Theresa May’s move to end the ban on grammar schools has unsurprisingly received mixed reception. Whereas some such as Shadow Education Minister, Lucy Powell MP, have attacked the move as supporting “entrenched advantage”, others have favoured the increased choice and competition it would bring to Britain’s educational landscape.
The introduction of the comprehensive schooling system in 1965 aimed to promote a universal curriculum which was broad, balanced, and inclusive to all. This stood in contrast to schools which enabled individuals to specialise in specific areas as had been prevalent under the tripartite system of grammar, modern, and technical schools.
With such an emphasis on student outcome rather than opportunity, the personalised learning ethos that the tripartite system had sustained was replaced by a more impersonal and uniform one. Out of the 3,000 grammar schools which used to exist, there are currently 164 left in England, a substantial number of which are based in Kent.
Those who reject the extension of grammar schools in favour of state comprehensives ground their opposition in two main claims. Firstly, it is argued that the inability of the eleven plus entrance examination to ensure an equal playing field for those who can attain additional educational training discriminates against those without such resources. In turn, it is said to capitalise upon wealth inequality and competition.
As the comprehensive school system currently operates under a post-code lottery system, where parents with higher levels of disposable finance are able to move to areas which harbour good or outstanding schools, there is an inherent inequality based on family wealth. The outcome of this is that educational competition has shifted away from individual ability towards parental income. For me, this is the gravest injustice in the current education system and holds back individuals with academic potential, but without the wealth to afford a good education.
It is also argued that the eleven plus system fails to recognise the difference in educational attainment an individual can achieve between the formative years of 11 and 18. According to Welsh Government statistics, in 2013/2014 only 63% of children had achieved level two qualifications by the age of 15. This went up by over ten percent to 72% by the age of 16. This is undoubtedly a significant figure, and indicates a need for more personalised learning opportunities that encourage individuals to achieve higher grades at earlier ages.
Although this is a compelling argument, it is not a flawless one. Whilst grammar schools are almost exclusively based on proven academic ability, emphasising the ‘plus’ aspect of the 11+ system can introduce a worthwhile alteration. If students in all years were admitted through an annual intake, this could enable the so-called ‘late-bloomers’ to join later on in their education journey at the ages of 13 or 16.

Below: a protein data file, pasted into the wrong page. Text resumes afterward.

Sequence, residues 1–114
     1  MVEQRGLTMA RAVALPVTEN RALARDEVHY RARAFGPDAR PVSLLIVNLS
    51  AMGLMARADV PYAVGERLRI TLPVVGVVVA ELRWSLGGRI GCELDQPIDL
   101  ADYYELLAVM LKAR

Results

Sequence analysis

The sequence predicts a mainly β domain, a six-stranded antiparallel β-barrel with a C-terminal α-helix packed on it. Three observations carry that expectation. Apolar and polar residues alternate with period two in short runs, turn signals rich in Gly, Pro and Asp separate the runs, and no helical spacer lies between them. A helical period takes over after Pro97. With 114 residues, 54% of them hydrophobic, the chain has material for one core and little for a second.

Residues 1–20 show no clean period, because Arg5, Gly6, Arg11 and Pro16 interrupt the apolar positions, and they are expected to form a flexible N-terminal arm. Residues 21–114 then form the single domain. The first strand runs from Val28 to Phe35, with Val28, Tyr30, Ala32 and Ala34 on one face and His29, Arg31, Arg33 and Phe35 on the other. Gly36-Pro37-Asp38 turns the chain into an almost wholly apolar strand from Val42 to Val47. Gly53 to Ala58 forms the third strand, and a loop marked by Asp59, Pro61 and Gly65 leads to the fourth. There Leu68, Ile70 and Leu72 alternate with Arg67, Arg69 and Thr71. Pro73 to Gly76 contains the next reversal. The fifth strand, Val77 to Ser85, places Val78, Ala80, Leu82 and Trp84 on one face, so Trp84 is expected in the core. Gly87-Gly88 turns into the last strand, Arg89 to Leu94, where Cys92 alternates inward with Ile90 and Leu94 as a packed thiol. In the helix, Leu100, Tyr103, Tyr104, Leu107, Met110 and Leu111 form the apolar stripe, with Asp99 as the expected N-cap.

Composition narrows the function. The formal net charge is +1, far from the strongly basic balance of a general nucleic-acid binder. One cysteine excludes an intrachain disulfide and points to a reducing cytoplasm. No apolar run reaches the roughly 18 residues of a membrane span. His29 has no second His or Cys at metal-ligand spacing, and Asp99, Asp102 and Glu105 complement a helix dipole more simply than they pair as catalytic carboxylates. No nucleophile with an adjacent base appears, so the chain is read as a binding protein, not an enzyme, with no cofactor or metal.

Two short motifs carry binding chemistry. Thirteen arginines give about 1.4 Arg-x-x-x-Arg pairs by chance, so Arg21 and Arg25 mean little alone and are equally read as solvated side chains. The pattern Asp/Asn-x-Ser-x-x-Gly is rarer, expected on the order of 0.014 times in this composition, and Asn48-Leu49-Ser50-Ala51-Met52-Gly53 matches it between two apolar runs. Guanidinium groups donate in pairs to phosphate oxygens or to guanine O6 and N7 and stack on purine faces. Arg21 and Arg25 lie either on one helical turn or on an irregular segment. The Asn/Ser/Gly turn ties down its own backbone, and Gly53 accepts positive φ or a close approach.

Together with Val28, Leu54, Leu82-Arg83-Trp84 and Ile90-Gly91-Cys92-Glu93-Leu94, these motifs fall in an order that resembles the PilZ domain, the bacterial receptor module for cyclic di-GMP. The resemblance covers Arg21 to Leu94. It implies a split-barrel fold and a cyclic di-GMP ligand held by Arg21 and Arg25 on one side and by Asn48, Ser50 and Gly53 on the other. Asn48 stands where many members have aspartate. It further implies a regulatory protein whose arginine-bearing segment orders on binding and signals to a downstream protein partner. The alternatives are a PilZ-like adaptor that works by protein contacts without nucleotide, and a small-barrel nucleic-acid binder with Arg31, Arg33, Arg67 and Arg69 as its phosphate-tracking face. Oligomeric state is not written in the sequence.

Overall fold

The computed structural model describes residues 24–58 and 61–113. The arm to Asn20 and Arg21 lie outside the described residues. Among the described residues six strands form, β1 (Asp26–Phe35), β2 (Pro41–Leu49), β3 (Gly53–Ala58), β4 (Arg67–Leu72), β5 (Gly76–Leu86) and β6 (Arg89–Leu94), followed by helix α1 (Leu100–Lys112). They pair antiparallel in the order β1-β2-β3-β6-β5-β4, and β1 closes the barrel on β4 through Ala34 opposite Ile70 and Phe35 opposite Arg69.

The second objection to grammar schools is the claim that the universality of state comprehensives secure greater levels of social integration amongst a wide diversity of backgrounds. This, it is argued, develops social awareness from an early age, and that this exposure to a wide range of cultural attitudes prepares individuals with the knowledge and understanding to succeed in the wider world. As sociologist Talcott Parsons argued, schools act as ‘bridges’ between the closed family environment and the more spontaneous nature of wider society.
Although this argument is undoubtedly compelling, it is not infalliable. Speaking on the Andrew Marr show earlier this year, Education Secretary Justine Greening argued that the range of schooling pupils can receive in England and Wales has changed enormusly as the demands of the economy have also.
However, the traditional structure operated under a binary between state and private. There is now an educational landscape which encompasses a wide range of different schools that promote different themes.
I have previously argued in favour of a post-EU British economy that emphasises the importance of economic versatility as well as technological specialism. As one of the most effective tools in enabling young people to equip themselves with the skills and knowledge that a more sophisticated economy would require, ensuring that young people are supported by a curriculum that nurtures their own individuals talents is essential to this. Such a curriculum would allow young people to develop an holistic knowledge of elementary subjects, whilst also having the autonomy to specialise in a chosen number of subjects.
The outcome would be that whilst individuals would be able to calculate complex sums and recall specific facts of general enquiry, they would also be sufficiently specialised to compete in an advanced market, demonstrating their expertise as widely as possible. This type of arrangement is already in operation within the educational systems of nations such as Poland. Operating under a tripartite system, students are chanellised towards general, technical, and vocational schools and receive an education which is tailored towards their own abilities and aspirations.
Although the drive towards apprenticeships and lifelong learning has indicated the start of a transition towards a diverisified model of education within the UK, there remains much to do. With investment in the extension of university technical colleges, learning could be revolutionised as to go beyond research to actual practice and scientific innovation.
In addition, recognised qualifications for vocational subjects with a similar status to university degrees could result in a change in which vocational learning becomes viewed to be as valued and important as academic education. Such reforms have the potential to plant the seeds for greater economic and individual success in years to come.